Rural round-up

 – Allan Barber:

When sheep and beef farmers in New Zealand grumpily ponder their forecast returns for 2016-17, they may be able to take some comfort from the precarious state of farmers in Europe, particularly the UK where they are facing even more uncertainty of income.

Private Eye’s Bio-Waste Spreader column contrasts the rhetoric of the Environment Minister saying farm subsidies must be abolished post Brexit with a report by her own Ministry, Defra, which finds British farmers would be unable to keep going without them. In the 2014/15 year dairy farms were the most profitable averaging GB Pounds 12,700, whereas cropping farms made GBP 100, lowland livestock farms (most like our sheep and beef) lost GBP 10,900 and grain growers did even worse. These profits or losses came before farmers paid themselves any wages or drawings. . . 

Heavy market share losses affect Silver Fern Farms’ financial performance – Allan Barber:

In recent weeks there has been an exchange of views about PPCS’s acrimonious takeover of Richmond in 2003. Keith Cooper, ex CEO of the renamed Silver Fern Farms, emerged from anonymity in Middlemarch to castigate the appointment of Sam Robinson to the board of Silver Fern Farms as the Shanghai Maling representative. He was critical of Richmond’s rejection of the original approach by PPCS to buy the Freesia Investments shares from the Meat Board in the mid-1990s and Robinson’s role as Richmond’s chairman.

Farmer, SFF shareholder and columnist Steve Wyn-Harris took Keith to task on the grounds of selective memory of what actually happened during the bitter but ultimately successful campaign by PPCS to buy Richmond. I must confess my recollection of events, without being in any way personally involved, is closer to Steve’s perspective than Keith’s and I still remember clearly Ron Clarke’s superb last column on the topic just before he died which was an eloquent attack on what he considered PPCS’s underhand approach. At the time Justice William Young referred to the company’s “gross commercial misconduct.” . .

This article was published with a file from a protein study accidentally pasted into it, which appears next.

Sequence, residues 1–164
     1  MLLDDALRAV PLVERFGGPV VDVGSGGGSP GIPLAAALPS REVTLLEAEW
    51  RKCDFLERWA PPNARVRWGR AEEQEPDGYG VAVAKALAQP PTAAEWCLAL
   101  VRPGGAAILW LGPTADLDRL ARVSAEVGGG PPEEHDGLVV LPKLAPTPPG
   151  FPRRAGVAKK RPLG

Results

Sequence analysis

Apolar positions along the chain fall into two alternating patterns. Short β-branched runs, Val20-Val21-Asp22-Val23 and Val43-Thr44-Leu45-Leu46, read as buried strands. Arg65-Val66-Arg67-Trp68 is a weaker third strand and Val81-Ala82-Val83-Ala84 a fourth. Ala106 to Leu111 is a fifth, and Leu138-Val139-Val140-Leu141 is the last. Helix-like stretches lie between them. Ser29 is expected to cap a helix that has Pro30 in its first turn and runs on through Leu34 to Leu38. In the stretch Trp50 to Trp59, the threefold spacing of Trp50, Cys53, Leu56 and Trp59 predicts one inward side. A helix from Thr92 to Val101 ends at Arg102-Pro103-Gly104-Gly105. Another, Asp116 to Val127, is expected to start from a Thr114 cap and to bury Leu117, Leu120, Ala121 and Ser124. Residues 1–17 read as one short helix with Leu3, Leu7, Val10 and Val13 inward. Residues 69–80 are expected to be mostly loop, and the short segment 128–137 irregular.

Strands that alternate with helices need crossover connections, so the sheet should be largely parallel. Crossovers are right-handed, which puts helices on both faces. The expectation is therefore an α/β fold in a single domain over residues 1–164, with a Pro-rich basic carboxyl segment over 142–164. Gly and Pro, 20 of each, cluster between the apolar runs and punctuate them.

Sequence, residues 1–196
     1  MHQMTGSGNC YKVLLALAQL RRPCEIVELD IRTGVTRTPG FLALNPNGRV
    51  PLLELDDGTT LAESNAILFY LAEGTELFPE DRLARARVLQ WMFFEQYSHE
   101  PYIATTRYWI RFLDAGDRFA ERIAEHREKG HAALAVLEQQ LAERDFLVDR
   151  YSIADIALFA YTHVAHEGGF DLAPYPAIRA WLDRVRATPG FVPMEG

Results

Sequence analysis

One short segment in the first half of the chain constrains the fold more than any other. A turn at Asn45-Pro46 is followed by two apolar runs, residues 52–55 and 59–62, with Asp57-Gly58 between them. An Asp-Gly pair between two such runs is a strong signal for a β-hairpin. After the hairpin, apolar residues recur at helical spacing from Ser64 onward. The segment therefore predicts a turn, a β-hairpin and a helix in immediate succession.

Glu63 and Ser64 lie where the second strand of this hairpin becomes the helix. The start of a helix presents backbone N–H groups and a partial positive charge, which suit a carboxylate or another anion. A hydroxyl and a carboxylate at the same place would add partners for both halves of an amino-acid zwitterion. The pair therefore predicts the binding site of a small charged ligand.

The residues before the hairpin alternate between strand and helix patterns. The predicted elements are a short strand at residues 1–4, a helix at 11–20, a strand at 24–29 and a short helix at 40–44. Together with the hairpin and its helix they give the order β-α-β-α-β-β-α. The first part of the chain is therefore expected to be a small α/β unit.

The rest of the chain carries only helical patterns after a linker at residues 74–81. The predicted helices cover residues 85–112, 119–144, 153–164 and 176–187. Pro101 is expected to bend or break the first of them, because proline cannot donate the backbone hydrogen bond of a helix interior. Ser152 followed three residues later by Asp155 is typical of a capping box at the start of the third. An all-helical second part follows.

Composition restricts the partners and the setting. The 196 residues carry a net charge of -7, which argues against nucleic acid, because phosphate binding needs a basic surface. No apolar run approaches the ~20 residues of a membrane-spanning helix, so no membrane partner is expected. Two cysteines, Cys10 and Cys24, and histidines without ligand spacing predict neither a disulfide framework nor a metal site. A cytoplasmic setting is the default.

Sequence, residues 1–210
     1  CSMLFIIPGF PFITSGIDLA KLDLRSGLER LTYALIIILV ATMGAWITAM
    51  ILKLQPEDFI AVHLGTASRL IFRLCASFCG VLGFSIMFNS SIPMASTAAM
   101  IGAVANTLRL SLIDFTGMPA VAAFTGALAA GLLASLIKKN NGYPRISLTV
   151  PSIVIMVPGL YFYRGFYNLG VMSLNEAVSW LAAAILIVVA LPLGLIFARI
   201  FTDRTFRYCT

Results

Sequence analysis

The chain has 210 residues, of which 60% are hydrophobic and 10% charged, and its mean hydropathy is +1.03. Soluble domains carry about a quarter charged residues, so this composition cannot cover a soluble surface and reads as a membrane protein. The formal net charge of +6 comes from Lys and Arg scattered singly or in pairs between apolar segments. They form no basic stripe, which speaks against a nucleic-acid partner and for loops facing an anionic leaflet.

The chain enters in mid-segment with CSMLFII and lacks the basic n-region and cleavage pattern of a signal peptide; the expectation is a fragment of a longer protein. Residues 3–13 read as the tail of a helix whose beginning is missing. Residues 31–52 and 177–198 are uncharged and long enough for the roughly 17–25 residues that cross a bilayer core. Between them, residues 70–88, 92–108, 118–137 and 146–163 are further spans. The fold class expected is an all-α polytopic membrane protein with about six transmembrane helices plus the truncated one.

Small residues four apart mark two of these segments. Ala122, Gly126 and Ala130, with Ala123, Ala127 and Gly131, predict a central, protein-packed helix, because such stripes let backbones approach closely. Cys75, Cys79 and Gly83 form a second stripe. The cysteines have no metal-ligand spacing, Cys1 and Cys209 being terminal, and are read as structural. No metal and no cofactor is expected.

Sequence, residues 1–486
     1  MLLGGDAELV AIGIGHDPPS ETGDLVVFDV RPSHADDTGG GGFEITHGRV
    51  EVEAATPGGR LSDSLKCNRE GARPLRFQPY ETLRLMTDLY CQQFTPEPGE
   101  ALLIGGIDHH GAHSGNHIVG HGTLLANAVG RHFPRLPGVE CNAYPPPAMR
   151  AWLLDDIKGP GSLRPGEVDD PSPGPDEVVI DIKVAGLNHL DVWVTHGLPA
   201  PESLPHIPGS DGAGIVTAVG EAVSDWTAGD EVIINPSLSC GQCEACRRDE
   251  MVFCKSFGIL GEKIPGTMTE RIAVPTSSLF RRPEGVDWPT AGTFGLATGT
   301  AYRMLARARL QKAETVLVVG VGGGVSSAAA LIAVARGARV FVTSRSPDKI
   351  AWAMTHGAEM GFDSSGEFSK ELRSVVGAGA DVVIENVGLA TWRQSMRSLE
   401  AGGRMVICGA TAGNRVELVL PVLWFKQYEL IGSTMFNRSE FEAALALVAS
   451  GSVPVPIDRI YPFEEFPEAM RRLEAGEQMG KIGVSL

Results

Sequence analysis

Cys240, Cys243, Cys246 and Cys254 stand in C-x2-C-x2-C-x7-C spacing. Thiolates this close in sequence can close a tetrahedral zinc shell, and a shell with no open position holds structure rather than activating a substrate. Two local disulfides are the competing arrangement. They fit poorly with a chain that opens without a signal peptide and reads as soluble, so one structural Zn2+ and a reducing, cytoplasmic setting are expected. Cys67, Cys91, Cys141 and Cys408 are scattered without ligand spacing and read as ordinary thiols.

Quake ends dairy farmer’s season – Nigel Malthus:

Don Galletly’s Loch Ness dairy farm on the Emu Plain, near Waiau, remains the only one in North Canterbury unable to milk since the November 14 quake.

While farms either side were back up and operating within a few days, Galletly’s rotary shed is deemed a write-off.

“Three-quarters of the season is down the drain for us,” he told Rural News. . . 

Patriotism means we should eat more lamb – Jamie Mackay:

 . . On the subject of one-man crusades, last week on my radio show I launched my 2017 tilt at a windmill. In fairness, past crusades have had mixed results. While I failed to bring back rucking, I proudly and vicariously claimed some reflected glory when Fonterra, to its eternal credit, brought back milk in schools.

I also like to think I played a small part in the media publicity which aided a much-deserved knighthood for David Fagan. That’s my story and I’m sticking to it.

So what’s 2017’s on-air crusade? I reckon we should be like the Ockers in the West Island and make it a patriotic pastime to eat lamb on our national day. And if we can’t agree to do that because, let’s face it, we don’t agree on much on Waitangi Day, maybe we could all eat lamb on what I’d like to be our national day, April 25. . . . 


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Farming is like any other job. Only you punch in at age 5 and never punch out.

One Response to Rural round-up

  1. Gravedodger says:

    Re the rural roundup item on the only remaining dairy farm still not operating after the November quake.
    Donald’s farm is near Emu Plains but was part of the settlement of all but a few hundred acres of the original McFarlane Station, “Lyndon” at the end of WW2 and was taken up by Don’s Dad Sandy who was very involved in the doomed defence of Malamene Airfield during the airborne invasion of Crete.
    The 500 Ha lay mostly in the Lyndon swamp on River Rd that travels from Waiau through the Leslie Hills station of the Rutherford family after bisecting “Emu Plains” to join Highway seven at The Double Bridges.
    Emu Plains was a four thousand acre square block in the eastern corner of the historic station of almost 30 000 acres, settled on Stuart Rutherford and bought by George Gardner to be further subdivided to his grandsons in the 1960s.
    The “Emu Plains” name for a small corner of Leslie Hills came from a liberation of Emu pairs in the 1800s that ended in the 1930s when they died out.

    The reason for this epistle comes as suggesting Don’s farm was EmuPlains is inflammatory as the two Amuri Wool Kings DD McFarlane of Lyndon and Duncan Rutherford of Leslie Hills had a ten mile boundary from the Waiau river to the Hanmer river and when Scab and Rabbits were rampant Rutherford built a ” Rabbit fence” the entire length a few yards on his side of the legal boundary to keep McFarlane’s scabby sheep and rabbits at bay.
    I spent days in my youth repairing that fence as it formed the western boundary of my Fathers run for some six miles and he managed to freehold the no mans land to the superior structure.
    Or maybe I am pedantic.


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